The country is suffering from a crisis—one that outstands the COVID-19 pandemic.
Now more than ever, Filipino children are increasingly vulnerable to sexual abuse, exploitation, and violence, with over 2.8 million online child sexual abuse cases reported to the Department of Justice (DOJ) in 2021. However, only 268 of these cases were officially opened for investigation by the DOJ—already four times more than those processed in 2020. Meanwhile, most of the remaining reports were either duplicates or “misleading and erroneously reported” as per DOJ’s anti-cybercrime unit.
But beyond the numbers, many victims are subjected to a culture of silence by their perpetrators, unable to call for help from anyone. One thing is dismally clear for sexual abuse victims: it is a long road to justice—one that is marred by shame, impunity, and the government’s lack of assistance.
Living in darkness
One of the souls who mustered up the courage to tell their story is Marieta “Maya” Monta, founder and president of Maya’s Organization Philippines, Inc. “I was [in] grade two when it happened to me. [I was] nearly eight years old,” she shares. She discloses that her perpetrator was actually her uncle, but Monta kept the truth to herself. When she showed signs that something was wrong, her family and friends dismissed her. “Minsan sa school, kapag umiiyak ako, binubully ako,” she tearfully laments. “I [felt] like…walang nakikinig sa akin [at] that time.”
(Sometimes, when I cry at school, I get bullied. I felt like no one was listening to me at that time.)
Looking back at the incident, Monta realized she was groomed by her uncle. “Noon…bibigyan [ako] ng pera, bibigyan [ako] ng pagkain, or bibilhan [ako] ng damit,” she recalls. Unfortunately, psychologist Isabella Coscolluela notes that this tactic is what perpetrators often use to coerce children. She describes child grooming as “a process where an offender gradually builds a relationship with a child with the intention of sexual abuse.” Typically, these abusers are the people the victim and their family closely knew and are therefore capable of easily deceiving their victims.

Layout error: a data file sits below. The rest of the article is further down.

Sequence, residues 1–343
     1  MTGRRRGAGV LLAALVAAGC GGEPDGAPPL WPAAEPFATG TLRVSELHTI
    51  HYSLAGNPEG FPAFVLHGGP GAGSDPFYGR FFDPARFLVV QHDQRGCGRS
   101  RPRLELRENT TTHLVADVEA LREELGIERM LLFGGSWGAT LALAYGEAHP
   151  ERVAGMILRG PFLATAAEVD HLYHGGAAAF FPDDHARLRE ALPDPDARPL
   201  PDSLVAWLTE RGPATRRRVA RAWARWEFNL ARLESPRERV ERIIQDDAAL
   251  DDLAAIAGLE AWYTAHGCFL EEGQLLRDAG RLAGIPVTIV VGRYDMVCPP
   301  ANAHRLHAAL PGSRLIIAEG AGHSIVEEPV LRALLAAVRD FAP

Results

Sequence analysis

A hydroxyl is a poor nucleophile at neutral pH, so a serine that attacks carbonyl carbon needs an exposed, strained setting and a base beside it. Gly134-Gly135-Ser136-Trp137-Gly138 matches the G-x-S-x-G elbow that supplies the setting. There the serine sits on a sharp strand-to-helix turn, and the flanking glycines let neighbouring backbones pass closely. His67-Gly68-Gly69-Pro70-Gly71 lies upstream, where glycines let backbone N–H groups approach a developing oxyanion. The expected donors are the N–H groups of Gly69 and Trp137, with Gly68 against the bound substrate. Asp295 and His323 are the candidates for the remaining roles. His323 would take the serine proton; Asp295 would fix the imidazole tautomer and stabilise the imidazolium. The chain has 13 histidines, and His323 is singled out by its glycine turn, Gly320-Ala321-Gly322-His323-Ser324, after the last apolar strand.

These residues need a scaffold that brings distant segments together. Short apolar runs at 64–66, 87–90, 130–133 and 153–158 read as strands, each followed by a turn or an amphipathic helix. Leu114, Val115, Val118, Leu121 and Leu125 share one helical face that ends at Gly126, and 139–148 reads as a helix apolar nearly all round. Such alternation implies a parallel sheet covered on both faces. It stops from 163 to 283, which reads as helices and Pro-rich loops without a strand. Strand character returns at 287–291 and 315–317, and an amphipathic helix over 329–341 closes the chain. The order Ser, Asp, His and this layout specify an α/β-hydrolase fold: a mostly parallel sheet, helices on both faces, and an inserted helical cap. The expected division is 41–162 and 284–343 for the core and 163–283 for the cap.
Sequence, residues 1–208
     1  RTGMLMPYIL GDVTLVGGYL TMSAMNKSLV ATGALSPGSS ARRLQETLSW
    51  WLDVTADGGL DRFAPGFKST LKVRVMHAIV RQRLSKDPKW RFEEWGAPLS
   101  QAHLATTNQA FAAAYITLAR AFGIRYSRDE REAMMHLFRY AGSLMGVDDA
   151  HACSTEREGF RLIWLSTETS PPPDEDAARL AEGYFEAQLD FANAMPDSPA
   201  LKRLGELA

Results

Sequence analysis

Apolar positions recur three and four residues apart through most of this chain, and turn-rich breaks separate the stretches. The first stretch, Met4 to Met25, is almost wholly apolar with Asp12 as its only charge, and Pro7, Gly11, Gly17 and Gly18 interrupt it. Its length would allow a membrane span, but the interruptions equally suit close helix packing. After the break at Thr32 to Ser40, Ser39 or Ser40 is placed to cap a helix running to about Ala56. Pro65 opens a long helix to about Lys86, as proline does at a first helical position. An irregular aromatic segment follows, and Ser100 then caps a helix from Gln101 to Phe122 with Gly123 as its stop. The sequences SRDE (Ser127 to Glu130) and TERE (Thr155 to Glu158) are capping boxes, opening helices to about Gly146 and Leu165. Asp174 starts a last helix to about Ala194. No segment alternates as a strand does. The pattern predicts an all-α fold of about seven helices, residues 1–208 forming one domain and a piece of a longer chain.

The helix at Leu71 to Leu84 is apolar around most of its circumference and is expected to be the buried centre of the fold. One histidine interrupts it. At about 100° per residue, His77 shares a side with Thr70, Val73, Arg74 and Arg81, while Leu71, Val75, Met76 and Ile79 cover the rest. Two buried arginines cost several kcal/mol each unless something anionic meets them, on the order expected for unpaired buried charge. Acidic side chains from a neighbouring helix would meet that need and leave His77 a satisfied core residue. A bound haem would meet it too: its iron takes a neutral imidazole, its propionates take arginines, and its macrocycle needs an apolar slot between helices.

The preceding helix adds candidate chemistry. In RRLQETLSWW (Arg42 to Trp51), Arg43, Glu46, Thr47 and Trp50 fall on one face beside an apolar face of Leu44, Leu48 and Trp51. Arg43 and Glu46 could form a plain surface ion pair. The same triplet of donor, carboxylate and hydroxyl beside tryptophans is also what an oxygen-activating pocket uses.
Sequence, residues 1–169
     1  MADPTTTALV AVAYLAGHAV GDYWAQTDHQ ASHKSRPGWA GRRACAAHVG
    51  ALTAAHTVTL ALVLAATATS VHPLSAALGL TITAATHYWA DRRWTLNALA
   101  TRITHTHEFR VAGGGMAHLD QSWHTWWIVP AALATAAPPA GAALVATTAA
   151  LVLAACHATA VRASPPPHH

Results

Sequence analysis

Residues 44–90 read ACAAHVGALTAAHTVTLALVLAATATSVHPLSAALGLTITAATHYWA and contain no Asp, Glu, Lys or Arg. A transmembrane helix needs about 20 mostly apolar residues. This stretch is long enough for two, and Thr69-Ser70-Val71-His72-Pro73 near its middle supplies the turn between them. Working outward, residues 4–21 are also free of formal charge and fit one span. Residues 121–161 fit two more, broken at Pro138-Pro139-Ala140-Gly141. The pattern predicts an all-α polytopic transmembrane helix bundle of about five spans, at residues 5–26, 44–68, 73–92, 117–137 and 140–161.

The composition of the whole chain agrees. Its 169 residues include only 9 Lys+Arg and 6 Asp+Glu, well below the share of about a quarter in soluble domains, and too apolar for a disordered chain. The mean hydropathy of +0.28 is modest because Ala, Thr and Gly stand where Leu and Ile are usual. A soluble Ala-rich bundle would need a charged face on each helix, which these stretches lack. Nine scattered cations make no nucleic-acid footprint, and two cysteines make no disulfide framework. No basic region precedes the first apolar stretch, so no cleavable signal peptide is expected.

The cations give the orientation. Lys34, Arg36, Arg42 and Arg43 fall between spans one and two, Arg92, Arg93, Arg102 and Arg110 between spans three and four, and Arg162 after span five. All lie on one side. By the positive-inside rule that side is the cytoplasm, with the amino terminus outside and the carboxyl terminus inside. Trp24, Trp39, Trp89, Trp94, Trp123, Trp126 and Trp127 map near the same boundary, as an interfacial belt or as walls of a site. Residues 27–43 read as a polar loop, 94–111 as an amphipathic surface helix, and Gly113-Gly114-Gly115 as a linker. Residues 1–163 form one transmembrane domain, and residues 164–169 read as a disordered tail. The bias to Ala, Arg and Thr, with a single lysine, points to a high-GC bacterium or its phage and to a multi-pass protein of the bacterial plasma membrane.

(Before, he would treat me with money, food, or clothes.)
The abuser takes advantage of this gained trust by enforcing power and control over their victims. As a result, Coscolluela points out, “The abused person is rendered powerless.” In Monta’s case, the perpetrator imposed threats on her family’s safety to prevent her from calling for help. “To protect my sisters and my family, I [chose] to be silent,” she conveys with sorrow.
The hesitancy of child victims to speak up about their abuse lingers long after being separated from their abuser. Coscolluela admits that the child victims she works with take time to open up about their experiences. To recall is too traumatizing for them; victims may also be burdened with a sense of shame from having been sexually compromised.
But in pursuing legal action against their perpetrator, traumatized children would have to testify about their abuse. Moreover, the country’s minimum age of sexual consent remains at 12 years old as of press time; thus, sexual abuse against children aged 13 to 17 cannot be automatically criminalized. As such, most child victims would still have to face lengthy legal proceedings against their abuser—inflicting them with more stress.
Still, Monta notes that her living in “darkness” is just a smidge of the larger problem. Every year, about seven million children are sexually abused in the Philippines. Among the child victims, 13.7 percent are sexually abused in their homes. However, Fr. Shay Cullen—founder and president of the People’s Recovery Empowerment Development Assistance (PREDA) Foundation—attests, “There are very few reported cases of child sexual abuse of girls or boys in the Philippines.” This inconsistency between the actual number of victims and the cases made known to authorities indicates the far more serious threats faced by victims.